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Facebook Messenger Hits with Crypto Mining Malware

FacexWorm attempted to steal credentials of users’ Google accounts and crypto trading platforms. It tried to exploit users through a combination of methods including through Chrome extension and Facebook messenger. Google has since removed the Chrome extension.

Facebook messenger was hit by yet another more sophisticated crypto mining malware that spread through Chrome extension, which has since been removed by Google. The malware managed to infect a small number of users. The malware not only injected illegal mining software on the user’s computer to try and mine cryptocurrencies. But also tried to steal credentials for cryptocurrency sites and Google accounts by directing users to the hacker’s spam sites through links.

Trend Micro reported that their cyber safety solutions team identified the malware as FacexWorm. The malware was using an ingenious combination of social engineering, multi-platform coordination, and rapid propagation techniques.

It targets cryptocurrency trading platforms for users who use the platforms on affected browsers such as Chrome and then the bug propagates through the messenger app. In other words, it takes advantage of the messenger feature to spread to other people that is relates to. The new virus is more sophisticated that the last year’s malware called Dubmine, in that it creates a fake YouTube page. Since that mimics the original, and purports you need the extension for that YouTube page.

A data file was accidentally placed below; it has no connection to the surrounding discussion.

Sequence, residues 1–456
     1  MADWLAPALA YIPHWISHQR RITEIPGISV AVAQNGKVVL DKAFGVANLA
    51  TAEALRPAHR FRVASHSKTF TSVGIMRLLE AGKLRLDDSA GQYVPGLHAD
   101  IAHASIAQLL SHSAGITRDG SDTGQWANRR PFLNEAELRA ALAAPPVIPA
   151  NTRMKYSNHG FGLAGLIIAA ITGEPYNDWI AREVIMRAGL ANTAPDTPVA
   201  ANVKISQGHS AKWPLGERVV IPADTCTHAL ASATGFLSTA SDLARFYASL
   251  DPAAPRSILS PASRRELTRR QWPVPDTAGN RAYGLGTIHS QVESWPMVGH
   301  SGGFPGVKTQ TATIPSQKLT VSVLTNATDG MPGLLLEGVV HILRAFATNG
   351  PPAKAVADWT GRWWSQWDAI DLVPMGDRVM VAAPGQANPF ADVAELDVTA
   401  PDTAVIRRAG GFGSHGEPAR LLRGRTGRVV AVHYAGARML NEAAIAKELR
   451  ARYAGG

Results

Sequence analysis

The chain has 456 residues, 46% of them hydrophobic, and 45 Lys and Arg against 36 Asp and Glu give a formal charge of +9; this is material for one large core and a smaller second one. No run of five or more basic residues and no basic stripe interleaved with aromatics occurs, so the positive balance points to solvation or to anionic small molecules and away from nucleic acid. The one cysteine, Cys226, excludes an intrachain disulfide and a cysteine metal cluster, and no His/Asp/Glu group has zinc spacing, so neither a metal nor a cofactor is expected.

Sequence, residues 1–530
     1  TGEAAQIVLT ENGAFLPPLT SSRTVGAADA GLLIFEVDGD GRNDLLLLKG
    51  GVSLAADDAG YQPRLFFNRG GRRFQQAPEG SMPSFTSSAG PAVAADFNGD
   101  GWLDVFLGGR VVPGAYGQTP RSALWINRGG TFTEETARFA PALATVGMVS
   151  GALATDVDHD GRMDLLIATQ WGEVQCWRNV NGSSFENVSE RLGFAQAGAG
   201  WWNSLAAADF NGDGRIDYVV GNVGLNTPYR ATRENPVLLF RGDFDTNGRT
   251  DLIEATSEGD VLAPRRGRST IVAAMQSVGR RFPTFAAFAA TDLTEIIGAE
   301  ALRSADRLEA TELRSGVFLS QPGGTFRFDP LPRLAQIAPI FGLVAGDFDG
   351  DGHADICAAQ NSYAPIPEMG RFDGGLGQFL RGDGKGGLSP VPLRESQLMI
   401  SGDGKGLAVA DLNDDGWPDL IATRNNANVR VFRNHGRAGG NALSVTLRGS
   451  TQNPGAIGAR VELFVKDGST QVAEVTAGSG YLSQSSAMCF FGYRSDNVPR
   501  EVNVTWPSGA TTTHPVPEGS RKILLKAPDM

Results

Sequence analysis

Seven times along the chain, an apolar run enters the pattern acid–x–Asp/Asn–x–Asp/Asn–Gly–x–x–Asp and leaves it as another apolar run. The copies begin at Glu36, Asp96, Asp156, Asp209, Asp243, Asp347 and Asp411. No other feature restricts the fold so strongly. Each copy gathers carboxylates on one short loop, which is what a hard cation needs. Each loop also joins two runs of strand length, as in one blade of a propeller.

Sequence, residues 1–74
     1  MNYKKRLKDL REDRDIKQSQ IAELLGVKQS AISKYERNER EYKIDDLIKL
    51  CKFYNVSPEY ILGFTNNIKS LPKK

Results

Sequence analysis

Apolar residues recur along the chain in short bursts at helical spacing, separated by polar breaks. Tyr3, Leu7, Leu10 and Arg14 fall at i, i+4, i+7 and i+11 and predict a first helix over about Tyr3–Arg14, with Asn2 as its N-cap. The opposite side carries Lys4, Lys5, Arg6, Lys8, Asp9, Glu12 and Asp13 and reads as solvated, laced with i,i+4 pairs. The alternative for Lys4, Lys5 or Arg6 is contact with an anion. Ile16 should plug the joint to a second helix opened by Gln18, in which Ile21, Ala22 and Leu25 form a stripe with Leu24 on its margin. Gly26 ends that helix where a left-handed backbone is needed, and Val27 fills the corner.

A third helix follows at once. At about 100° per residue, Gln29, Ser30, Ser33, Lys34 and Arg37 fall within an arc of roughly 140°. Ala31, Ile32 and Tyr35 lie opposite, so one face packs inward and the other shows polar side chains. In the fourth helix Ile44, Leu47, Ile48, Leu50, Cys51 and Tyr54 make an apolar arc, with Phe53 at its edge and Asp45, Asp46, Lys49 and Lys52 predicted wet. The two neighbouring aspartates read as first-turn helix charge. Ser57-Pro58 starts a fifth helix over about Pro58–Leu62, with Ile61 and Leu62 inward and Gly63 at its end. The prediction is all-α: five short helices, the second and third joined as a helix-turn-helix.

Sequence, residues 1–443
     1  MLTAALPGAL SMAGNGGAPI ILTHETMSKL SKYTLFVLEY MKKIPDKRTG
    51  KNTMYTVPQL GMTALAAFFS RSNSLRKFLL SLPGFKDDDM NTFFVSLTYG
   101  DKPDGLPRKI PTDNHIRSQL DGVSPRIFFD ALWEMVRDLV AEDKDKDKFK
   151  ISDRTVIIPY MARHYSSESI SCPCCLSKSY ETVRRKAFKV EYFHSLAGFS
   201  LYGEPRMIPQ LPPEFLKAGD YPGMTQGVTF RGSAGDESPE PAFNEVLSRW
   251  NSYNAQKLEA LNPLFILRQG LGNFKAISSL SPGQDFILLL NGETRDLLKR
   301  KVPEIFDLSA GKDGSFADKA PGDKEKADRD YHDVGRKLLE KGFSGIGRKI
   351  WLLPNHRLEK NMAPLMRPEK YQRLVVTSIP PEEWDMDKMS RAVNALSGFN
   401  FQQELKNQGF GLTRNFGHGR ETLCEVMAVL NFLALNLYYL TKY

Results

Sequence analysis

The attack directs the victim to the hackers’ cryptocurrency platform. However, through referral links or scams instead of the legitimate page the target user is trying to visit. It will also try to steal credentials for cryptocurrency sites and Google accounts.

Last year, Facebook messenger was hit by yet another bug, Dubmine that also propagating through a malicious Chrome extension. The virus could send itself to everyone the victim knows through the messenger. Both the Facebook messenger and YouTube are not new to exploits at all.

The craze for mining malware is also increasing as value of cryptocurrencies continue to rise. This year alone, thousands of websites bot for individual and businesses have reportedly been affecting by illegal remote installation of mining software.

What is the effect of malware on the cryptocurrency industry? Share your opinions with us on Twitter and Telegram.

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David

David Kariuki is a journalist who has a wide range of experience reporting about modern technology solutions including cryptocurrencies. A graduate of Kenya's Moi University, he also writes for Hypergrid Business, Cryptomorrow, and Cleanleap, and has previously worked for Resources Quarterly and Construction Review magazines.

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